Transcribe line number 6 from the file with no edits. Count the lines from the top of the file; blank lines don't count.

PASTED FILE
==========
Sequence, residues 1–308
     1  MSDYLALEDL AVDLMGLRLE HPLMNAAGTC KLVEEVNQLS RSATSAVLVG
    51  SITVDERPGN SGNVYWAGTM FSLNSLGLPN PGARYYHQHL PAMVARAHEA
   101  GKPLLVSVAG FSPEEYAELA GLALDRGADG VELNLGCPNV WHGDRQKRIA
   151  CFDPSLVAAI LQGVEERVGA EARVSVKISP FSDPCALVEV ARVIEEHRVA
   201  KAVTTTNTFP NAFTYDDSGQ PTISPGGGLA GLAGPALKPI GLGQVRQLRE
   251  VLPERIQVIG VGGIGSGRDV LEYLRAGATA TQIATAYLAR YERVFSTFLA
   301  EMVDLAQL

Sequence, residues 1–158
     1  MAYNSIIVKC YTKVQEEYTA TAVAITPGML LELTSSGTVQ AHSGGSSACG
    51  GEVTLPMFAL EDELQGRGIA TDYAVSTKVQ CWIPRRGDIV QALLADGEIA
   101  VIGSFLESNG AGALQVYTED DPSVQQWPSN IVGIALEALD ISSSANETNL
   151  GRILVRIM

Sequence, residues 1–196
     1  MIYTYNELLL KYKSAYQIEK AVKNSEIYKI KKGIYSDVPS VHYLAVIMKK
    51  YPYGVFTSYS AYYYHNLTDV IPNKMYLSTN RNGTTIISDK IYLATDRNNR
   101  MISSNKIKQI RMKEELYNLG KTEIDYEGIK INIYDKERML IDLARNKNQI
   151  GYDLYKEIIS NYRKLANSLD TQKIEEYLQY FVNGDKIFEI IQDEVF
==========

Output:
   201  KAVTTTNTFP NAFTYDDSGQ PTISPGGGLA GLAGPALKPI GLGQVRQLRE